Sorry for the super-long post, but this copy-and-paste from the website above answers many of the questions asked here (and you’re right, it is fascinating):

“Crime Scene Clean Up is very specialized and is our primary service. We have experience in dealing with all aspects of bio recovery and cleaning in this field. Our supervisors and crews are experts possessing all the necessary licensing, experience, and skills to perform these services. Many different jobs fall under the category of crime scene cleanup, this includes murder cleanup, suicide, and the cleaning of finger printing dust or blood cleanup. In many cases we deal with people who have never needed help with a crime scene cleanup, so we know how to assist you. We understand that you have a lot of questions and you need an immediate response team, so rest assured we have crime scene cleanup experts ready to help you. Please feel free to contact us with any questions you may have.

Trauma Scene Clean Up consists of many of the same elements that are present in a crime scene cleanup. In most cases this will be an accident cleanup job or a situation in which somebody is severely injured and blood and other bio hazardous material may need to be cleaned. We handle every aspect of the cleanup from coordinating with the family, to cleaning quickly, efficiently and finally disposing of the bio hazardous waste. We have worked with federal, state, city, local government, law enforcement agencies, and many families nationwide. Please contact us today for your trauma scene cleanup needs.

Unattended Death Clean Up occurs when a person passes away and the body is not found for a period of days to weeks. The discovery of the body can be a shock to the family. Add to that the necessity of cleaning the premises and it can be overwhelming for any family. In some cases the unattended death may occur in an apartment complex or hotel in which case often the manager needs to deal with it. We understand how to properly clean the scene, deal with decomposition clean up, handling of bodily fluids which may have contaminated bed sheets, mattresses, floors, rugs and other furniture. These are all things which need to be considered to ensure the property is safe for a new tenant after the unattended death clean up is completed.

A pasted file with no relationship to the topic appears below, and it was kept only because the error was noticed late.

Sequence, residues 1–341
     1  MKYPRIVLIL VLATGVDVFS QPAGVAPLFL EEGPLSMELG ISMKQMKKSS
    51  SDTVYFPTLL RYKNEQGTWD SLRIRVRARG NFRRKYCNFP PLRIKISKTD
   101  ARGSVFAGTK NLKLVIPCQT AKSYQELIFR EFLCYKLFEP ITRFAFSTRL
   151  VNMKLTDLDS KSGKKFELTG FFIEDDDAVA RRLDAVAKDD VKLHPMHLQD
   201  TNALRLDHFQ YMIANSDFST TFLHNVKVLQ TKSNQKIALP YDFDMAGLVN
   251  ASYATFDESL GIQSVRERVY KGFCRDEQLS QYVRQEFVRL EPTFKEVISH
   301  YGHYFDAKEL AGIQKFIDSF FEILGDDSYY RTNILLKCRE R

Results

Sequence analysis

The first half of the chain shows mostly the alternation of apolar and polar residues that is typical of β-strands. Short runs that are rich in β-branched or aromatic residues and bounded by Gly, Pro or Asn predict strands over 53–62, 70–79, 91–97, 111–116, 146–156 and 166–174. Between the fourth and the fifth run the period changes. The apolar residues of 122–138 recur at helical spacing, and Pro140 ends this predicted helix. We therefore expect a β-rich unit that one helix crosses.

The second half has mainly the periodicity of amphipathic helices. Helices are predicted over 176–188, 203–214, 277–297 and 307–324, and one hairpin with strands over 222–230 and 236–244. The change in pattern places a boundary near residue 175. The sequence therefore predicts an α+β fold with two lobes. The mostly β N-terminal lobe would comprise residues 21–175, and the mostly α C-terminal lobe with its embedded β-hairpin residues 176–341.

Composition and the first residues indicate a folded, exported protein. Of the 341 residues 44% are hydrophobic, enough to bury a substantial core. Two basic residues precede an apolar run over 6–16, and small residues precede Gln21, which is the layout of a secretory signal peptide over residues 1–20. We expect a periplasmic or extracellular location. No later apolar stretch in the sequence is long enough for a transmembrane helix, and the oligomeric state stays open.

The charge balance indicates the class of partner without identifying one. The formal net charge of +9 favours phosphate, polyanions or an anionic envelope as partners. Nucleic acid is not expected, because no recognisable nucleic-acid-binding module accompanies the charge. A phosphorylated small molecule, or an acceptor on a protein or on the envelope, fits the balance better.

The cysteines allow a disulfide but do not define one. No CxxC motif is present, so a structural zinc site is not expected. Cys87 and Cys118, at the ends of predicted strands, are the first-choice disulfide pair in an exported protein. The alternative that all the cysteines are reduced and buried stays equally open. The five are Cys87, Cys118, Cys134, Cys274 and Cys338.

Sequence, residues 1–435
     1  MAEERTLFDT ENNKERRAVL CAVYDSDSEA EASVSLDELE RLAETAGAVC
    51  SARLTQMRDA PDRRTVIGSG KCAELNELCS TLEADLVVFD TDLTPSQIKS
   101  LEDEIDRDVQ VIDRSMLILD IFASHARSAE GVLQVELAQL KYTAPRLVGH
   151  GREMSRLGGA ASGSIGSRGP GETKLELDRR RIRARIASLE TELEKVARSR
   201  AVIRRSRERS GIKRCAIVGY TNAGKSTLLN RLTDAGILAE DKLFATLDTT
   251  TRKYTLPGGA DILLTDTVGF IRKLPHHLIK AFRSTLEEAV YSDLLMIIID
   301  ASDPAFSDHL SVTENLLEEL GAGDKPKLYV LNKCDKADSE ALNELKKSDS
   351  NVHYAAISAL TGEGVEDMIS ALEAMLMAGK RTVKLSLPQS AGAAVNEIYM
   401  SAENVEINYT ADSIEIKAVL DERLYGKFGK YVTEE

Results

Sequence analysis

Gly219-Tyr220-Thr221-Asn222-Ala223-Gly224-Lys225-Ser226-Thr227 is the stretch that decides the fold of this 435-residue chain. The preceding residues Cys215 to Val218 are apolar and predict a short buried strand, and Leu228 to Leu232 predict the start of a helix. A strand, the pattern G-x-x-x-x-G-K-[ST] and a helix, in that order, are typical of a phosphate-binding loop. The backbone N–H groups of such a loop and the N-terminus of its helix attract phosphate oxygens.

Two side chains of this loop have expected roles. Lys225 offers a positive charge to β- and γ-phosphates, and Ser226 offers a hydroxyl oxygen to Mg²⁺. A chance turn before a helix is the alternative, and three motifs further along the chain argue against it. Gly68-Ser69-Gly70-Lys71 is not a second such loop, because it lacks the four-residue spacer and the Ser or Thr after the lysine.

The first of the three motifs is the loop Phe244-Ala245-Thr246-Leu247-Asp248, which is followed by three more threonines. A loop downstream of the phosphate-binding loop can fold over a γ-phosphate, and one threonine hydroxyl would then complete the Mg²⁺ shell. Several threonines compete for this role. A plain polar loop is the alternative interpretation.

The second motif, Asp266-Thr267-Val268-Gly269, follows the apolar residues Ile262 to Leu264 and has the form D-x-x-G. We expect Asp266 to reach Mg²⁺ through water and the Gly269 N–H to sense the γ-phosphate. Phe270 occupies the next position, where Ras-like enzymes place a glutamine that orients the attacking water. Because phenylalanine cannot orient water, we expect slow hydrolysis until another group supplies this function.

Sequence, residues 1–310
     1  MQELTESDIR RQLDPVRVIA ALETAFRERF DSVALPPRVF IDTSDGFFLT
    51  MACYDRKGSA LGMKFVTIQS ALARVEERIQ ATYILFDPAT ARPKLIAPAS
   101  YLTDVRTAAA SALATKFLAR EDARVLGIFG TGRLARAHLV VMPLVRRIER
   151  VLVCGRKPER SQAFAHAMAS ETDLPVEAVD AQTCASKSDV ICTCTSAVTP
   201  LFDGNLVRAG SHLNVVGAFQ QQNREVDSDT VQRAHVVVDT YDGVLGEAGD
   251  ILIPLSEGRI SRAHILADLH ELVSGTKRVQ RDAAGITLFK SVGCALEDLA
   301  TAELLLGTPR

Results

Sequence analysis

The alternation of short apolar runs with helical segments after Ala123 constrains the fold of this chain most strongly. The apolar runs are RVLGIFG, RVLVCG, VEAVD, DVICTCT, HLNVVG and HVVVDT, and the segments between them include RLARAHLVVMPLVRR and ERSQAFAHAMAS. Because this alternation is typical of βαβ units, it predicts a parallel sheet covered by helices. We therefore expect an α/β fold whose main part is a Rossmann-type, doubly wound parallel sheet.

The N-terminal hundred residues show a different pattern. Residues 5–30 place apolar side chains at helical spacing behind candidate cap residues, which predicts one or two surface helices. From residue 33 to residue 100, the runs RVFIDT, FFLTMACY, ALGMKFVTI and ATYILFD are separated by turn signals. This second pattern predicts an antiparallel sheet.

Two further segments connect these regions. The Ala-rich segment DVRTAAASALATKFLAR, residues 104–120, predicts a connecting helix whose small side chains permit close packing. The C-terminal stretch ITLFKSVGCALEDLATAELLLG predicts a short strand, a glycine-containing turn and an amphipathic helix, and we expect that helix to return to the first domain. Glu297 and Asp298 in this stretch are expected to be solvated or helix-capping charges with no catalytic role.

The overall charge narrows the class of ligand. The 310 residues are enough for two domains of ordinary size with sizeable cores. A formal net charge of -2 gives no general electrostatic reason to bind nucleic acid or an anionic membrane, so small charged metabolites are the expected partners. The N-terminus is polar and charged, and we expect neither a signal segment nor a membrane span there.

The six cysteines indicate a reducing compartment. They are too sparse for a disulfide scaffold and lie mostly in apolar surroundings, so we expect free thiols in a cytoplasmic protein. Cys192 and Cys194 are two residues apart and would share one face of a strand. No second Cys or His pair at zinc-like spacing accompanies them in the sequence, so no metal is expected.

Unattended death cleanup jobs are often covered by insurance. Many of our customers including businesses and cities officials don’t realize this and need help understanding how this is covered. Our experts will help you deal with these matters step by step. They will always be friendly, professional, and courteous. Please give us a call today for your unattended death cleanup or your death scene cleanup. It is our goal to help you get through this unfortunate situation as quickly and painlessly as possible.

Suicide cleanup in each case is a terrible situation. The family is often grief stricken and confused. Not only are they trying to deal with the loss of a loved one, but they are shocked and confused about why he/she chose to take their own life. Add to this that after the police and EMTs leave, they have to deal with the aftermath. The bodily fluids and blood cleanup are bad enough to deal with as it is, but to know that it comes from your loved one is just too hard. Let our professionals handle it. Not only will they be able to handle any and all bio hazardous materials, but they will remove the evidence of this terrible event so the family will not have to deal with it. Our company specializes in this type of trauma scene, suicide cleanup and understands a family’s grief. We have worked with people in your situation before and we will be understanding, compassionate and discrete. Your situation maybe covered under you insurance and we can help you in dealing with the insurance company.

These services are available for homeowners, apartments, business owners, property management companies, shopping malls, mass transportation services, medical examiner, police departments, health departments, school boards, colleges, local, state, and federal agencies in Amarillo, Arlington, Austin, Beaumont, Brownsville, Corpus Christi, Dallas, El Paso, Fort Worth, Garland, Houston, Irving, Laredo, Lubbock, Plano San Antonio, Waco and Tyler Texas.

We will do everything in our power to assist you. We will work with you, your insurance carrier, or your state victim’s assistance program. We will work hard to make sure that you do not get denied the services you are entitled to.

Our Bio Recovery Services are also available in Nashville, Knoxville, Bristol, Jackson, Chattanooga, Memphis, Murfreesboro, Clarksville, Kingsport, Johnson City Tennessee, Atlanta, Macon, Athens, Savannah Georgia, Asheville, Charlotte, Winston-Salem, Fayetteville, Raleigh North Carolina, Bowling Green, Paducah, Louisville, Lexington Kentucky, Spartanburg, Columbia, Charleston, Greenville, Myrtle Beach South Carolina, Florence, Huntsville, Birmingham, Montgomery Alabama, Roanoke, Richmond, Bristol, Manassas Virginia, Baltimore Maryland, Chicago Illinois, New Orleans, Baton Rouge Louisiana, Las Vegas Nevada, Tulsa, Oklahoma City Oklahoma, Portland Oregon, Seattle Washington, Washington DC, Little Rock Arkansas, Mississippi, and their surrounding areas.